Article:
To get around this, I only use Mesh to transfer files. My Lightroom catalog is actually kept in another directory, that isn’t synchronized. (Though the backup folder is, because I want to have backups in case it becomes corrupted.)

If the extra .lrcat files bother you, you might try something similar …

Cheers,

Rob

z666zz666z wrote a comment on November 30, 2011

I need something much simpler that that and i can not find any.

On Windows WinMerge can do what i want perfectly, also it runs on Wine, but over Wine it crashes when i try to copy files/folders.

I mean:
-i want to have multiple HDDs (most are USB HDD, SD cards, microSD cards, etc) in partial sync

I explain such “partial”

For each drive i want to have a copy on another place not of all, only of some parts, and also on another place copy of other parts…

So, some relative paths are on more than one disk.

An example will illustrate it much better:
-Structure of HDD0
/dir1/subdir11/*
/dir1/subdir12/*
/dir2/subdir21/*
/dir2/subdir22/*
.etc.

-Structure of HDD1
/dir1/subdir11/*
without /dir1/subdir12/*
without /dir2/subdir21/*
/dir1/subdir22/*
.etc.

-Structure of HDD2
without /dir1/subdir11/*
/dir1/subdir12/*
/dir2/subdir21/*
without /dir1/subdir22/*
.etc.

-And more HDDs…

Imagine:
-HDD0 is an SD card on a Photo Camera
-HDD1 is an SD card on a Video Camera
-HDD2 is an USB-HDD on a SetTopBox TV
-HDD3 is an USB-HDD connected to a MediaPlayer SetTopBox
-etc

I want all Photos and Videos on both HDD2 and HDD3, but not mixed along HDD0 and HDD1, so on HDD0 there is nothing of HDD1 and viceversa, but both HDD2 and HDD3 have all, the schema is more complex but this simple example shows what problem i have.

Now the big problem: I wnat sync not only files, also empty folders!!! yes also empy folders.

And i want a tool that asks me for two paths, then reads file/folder structure and show me a list on which i can re-order by:
-Only on right
-Only on left
-On Both sides but different (only for files, different size, datetime, content, etc)
-On Botn sides and equal (only for files)

So i can order the list and do a multi-select by range and do:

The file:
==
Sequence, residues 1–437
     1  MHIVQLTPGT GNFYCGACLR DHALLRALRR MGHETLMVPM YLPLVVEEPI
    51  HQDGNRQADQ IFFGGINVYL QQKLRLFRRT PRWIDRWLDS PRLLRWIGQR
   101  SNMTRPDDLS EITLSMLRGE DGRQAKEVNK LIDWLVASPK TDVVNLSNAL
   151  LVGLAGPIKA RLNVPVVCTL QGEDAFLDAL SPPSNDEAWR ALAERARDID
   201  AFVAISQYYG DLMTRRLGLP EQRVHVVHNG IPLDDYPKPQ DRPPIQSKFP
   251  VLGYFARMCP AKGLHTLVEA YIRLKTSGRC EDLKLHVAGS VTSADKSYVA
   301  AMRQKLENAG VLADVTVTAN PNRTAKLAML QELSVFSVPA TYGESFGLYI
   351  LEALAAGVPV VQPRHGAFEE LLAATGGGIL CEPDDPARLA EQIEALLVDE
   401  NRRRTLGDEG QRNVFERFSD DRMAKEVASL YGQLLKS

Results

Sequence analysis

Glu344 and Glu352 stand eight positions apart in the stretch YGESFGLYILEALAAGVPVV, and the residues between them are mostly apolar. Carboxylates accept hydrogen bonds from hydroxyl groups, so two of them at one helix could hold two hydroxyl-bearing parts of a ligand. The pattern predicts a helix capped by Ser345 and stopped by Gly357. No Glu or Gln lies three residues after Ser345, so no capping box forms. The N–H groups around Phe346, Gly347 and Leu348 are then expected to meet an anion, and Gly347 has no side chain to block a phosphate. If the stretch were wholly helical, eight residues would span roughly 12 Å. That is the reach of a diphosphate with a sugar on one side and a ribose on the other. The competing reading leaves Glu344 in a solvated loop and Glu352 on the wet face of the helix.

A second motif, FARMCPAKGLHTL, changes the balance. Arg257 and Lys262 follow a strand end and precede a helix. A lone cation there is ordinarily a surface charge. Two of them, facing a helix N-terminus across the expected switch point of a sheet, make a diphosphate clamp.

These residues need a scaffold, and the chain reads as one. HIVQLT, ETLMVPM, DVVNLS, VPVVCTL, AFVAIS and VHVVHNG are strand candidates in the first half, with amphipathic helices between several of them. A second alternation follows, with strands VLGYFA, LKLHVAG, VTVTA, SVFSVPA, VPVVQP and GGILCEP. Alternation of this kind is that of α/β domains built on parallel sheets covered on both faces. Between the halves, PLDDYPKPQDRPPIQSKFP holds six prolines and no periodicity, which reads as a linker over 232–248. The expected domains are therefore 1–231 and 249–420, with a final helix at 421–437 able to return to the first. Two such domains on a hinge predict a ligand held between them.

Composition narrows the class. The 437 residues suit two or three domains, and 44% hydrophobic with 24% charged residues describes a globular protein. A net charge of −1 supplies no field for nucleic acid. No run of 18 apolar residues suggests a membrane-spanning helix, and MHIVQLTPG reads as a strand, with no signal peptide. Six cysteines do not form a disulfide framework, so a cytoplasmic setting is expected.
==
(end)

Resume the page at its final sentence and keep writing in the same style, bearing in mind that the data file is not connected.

-Copy from left to right
-Copy from right to left

And also for text files let me enter on them and show diffs, by lines, by words or by chars.

WinMerge on Windows do that pretty well and shows the list very clear.

Basically:
-If a dir is empy, must appear on the list
-If a dir is not empty and exists on both sides must not apear on the list (only if recurse mode is on)
-If a dir is not empy but only exist on one side, must appear on the list and its content not (last winMerge version fails on this, also show the content, so i must be care of that, previous versions did not show the content of a dir that only exist on one side)
-If a file is only on one side, must appear
-If a file is on both sides, must appear and be identified as: equal or different (for text files content and/or filesize), and also at same time, never on left, never on right, or same datetime
-etc

The list with columns like:
-Path
-Entry name (dir name for directories / file name and extension for files)
-Size (for files)
-Datetime (for both, directories and files)
-Status: Only on left, Only on Right, On both equal, On both different never left, On both different never right, On both different with equal datetime on both sides, etc

I want to be able to re-sort the list ascending / descending by any colum, including status.

I want to be able to multi-select on the list and do an action to all selected entries at once: delete, put left as right is, put right as left is; this include touching datetime of files and folders, not only copy files and create directories.

Hope i let it clear.

But in case not: I do not want an automated sync, i want a compare / sort, then do what i tell to do.

I say this because a lot of people tell me about rsync, etc… such tools do not fit at all…

Imagine there are 300 different files, but i only want some of them to be sync now… i must be able to select them from a list and then sync them… same for folders.

A workflow can be like this:
-Compare HDD0:/dir1/subdir1/ with HDD1:/another_path/other/ in non-recursive mode
-See the list and decide to only sync two subfolders of HDD0:/dir1/subdir1/ that are not present on HDD1:/another_path/other/, so i select two entries on the list and tell Left->Right
-Then select another different entries and tell Right->Left or LeftRight
-Sort for status, so only present on right side are all together on the list and can be easy selected
-Select them and telll Left<-Right
So i have only sync files that are not present on the other side